where qe is the quantity of solute adsorbed in the solute phase (mg/g), C0 and Ce are the initial and equilibrium concentrations of the adsorbate (mg/L), respectively, V is the volume of the solution (L) and W is the adsorbent mass (g). 2.2.3. Toxicological studies with Artemia salina Acute toxicity tests were carried out using the microcrustacean Artemia salina. Samples of the raw effluent, the effluents after the coagulation/flocculation process and the effluent after the complete treatment process (coagulation followed by adsorption) were analyzed. The experiments with Artemia salina were carried out according to the modified method described by Matthews (1995), where the procedure of outbreak and growth of the microcrustaceans occurred for a period of 60 h of incubation in a synthetic marine saline solution (32 g/L), pH 6.5, with aeration and at a temperature of 30 ◦ C. After the hatching, ten larvae of the microcrustacean were selected and incubated in a multiwell plate. Negative controls were conducted in parallel using a synthetic marine saline solution. The solutions were diluted in a concentration series (100%, 90%, 80%, 70%, 60% and 50%) in order to obtain the LC50 . After 24 h of incubation the number of dead larvae was counted and the LC50 was calculated. For each concentration tested the analysis was carried out in quadruplicate.


standard solution NaCl 0.01 M in 9 Erlenmeyer flasks, to which appropriate quantities of HCl and NaOH were added to obtain the following pH values: 2.5; 4.0; 5.0; 6.0; 7.0; 8.0; 9.0; 10.0 and 11.0. The mixture was shaken in a DIST shaker for 24 h at ambient temperature. After 24 h, the equilibrium pH was measured with a Quimis pH meter, model 400A. The pHpzc is the pH at which the initial value is the same as the final value. Activated carbons can have an acid, basic or neutral nature depending on the pHpcz determined.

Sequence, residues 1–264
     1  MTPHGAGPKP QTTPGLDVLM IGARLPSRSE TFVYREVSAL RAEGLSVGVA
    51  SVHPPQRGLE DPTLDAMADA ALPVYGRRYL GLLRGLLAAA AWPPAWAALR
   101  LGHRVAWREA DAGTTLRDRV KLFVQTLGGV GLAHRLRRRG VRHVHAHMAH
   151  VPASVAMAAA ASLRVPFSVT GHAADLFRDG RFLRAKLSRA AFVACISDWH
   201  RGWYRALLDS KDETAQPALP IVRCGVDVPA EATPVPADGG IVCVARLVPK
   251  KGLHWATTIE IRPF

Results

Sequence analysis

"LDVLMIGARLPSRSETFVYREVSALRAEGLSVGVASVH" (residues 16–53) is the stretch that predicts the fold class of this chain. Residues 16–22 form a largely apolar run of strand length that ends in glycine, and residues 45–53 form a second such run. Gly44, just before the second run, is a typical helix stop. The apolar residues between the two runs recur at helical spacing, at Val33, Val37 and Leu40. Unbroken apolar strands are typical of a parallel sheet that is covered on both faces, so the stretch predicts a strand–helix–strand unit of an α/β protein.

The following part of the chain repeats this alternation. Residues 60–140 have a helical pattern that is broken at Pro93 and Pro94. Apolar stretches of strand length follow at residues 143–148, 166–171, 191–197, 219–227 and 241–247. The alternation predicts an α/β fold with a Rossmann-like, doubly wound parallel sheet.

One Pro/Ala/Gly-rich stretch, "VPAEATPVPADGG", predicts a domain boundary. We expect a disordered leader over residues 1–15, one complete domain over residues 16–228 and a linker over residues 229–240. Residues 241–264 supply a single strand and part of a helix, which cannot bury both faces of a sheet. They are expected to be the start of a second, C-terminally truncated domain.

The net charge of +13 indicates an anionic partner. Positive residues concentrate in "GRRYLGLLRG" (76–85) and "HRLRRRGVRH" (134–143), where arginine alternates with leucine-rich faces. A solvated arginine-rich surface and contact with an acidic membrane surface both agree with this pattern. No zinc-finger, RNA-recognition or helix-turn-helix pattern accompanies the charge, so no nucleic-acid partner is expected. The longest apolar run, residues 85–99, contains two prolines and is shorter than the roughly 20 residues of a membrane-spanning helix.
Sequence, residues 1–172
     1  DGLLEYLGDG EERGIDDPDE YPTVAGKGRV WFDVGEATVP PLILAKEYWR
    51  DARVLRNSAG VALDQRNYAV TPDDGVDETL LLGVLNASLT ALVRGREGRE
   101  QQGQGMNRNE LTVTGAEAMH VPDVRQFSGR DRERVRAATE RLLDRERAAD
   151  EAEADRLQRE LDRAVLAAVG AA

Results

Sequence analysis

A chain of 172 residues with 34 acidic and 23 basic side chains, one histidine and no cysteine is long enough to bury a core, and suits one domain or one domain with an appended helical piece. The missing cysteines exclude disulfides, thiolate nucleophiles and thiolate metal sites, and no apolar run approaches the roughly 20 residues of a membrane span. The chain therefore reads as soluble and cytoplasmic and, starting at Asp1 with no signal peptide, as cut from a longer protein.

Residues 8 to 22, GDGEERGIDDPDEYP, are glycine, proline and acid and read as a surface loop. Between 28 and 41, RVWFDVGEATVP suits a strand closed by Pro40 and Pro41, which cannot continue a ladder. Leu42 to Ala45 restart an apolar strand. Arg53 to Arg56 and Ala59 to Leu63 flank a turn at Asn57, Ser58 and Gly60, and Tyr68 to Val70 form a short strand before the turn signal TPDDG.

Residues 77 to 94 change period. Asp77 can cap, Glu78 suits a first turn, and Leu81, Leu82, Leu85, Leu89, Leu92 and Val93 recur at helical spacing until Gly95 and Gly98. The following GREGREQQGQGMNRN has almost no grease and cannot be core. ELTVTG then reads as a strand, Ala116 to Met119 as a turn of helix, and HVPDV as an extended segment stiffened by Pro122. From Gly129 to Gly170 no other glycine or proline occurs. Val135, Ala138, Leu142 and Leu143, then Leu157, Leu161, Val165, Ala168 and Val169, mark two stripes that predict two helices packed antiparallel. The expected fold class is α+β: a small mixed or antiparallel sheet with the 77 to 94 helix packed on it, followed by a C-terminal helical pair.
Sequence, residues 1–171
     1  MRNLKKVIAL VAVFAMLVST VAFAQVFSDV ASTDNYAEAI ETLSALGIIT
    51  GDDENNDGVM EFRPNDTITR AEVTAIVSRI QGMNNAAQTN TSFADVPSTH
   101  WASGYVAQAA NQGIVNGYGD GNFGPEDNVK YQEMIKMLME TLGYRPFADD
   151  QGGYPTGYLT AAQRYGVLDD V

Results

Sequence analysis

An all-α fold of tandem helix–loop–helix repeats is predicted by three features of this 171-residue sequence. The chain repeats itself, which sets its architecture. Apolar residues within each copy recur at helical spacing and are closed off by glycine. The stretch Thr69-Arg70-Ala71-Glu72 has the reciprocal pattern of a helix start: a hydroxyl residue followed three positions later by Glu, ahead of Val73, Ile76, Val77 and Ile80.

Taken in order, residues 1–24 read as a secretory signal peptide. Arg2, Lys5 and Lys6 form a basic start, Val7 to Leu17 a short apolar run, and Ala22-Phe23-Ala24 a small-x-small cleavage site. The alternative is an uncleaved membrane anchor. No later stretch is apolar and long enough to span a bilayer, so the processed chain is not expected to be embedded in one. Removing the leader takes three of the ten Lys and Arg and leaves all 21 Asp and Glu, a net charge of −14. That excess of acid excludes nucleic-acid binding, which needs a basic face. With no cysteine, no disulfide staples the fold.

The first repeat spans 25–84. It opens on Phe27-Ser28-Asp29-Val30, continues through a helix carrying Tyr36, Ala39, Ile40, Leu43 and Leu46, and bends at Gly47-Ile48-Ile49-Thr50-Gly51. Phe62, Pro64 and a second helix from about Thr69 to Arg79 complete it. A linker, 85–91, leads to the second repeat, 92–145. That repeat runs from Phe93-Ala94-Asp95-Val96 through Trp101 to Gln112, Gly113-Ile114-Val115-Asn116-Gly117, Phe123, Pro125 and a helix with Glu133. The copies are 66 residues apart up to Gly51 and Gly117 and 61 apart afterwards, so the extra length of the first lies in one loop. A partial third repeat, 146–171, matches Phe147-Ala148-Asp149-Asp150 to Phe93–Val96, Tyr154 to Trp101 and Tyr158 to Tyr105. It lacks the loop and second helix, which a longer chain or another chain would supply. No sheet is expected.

3. Results and discussion 3.1. Process 1: coagulation–flocculation–sedimentation tests For the batch coagulation–flocculation–sedimentation tests, the jar tests were carried out to determine the best pH and dosage of coagulant and alkalizer. 3.1.1. Optimum pH for coagulation After the jar tests, the optimum pH results were obtained, where the best performance in terms of color removal was in the acid range of pH 4–6.5 (the pH ranged studied varied from 4 to 11), the highest removal efficiency being at pH 6, for the two dyes studied, as shown in Fig. 1. The conditions used were: dosage of AlCl3 of 250 mg/L for the two dyes; dosage of Na2 CO3 of 100 mg/L for Black 5 and 110 mg/L for Orange 16; initial dye concentration of 100 mg/L; sedimentation time of 30 min; and temperature of 25 ± 1 ◦ C. Therefore, we can verify that the coagulation process has a better performance in the acid to neutral pH range. The best performance of the aluminum chloride coagulant at pH 6.0 is due to the charge equilibrium at this pH. The percentage removals were 96.8% and 78.2% for the dyes Black 5 and Orange 16, respectively. As can be observed in Fig. 1, the removal of Black 5 was greater than that of Orange 16. This may be due to the different structures and molecular masses of the two dyes. In these structures it can be observed that the black dye contains four sulfonic acid groups whereas the orange dye has only two of these groups. The removal using the coagulation process was more effective for the black dye which settles easier than the orange dye, using aluminum chloride as the coagulant. When the dyes and the coagulant are dissolved in water and mixed the formation of cations and anions occurs, which, having opposite ionic charges, combine to form an insoluble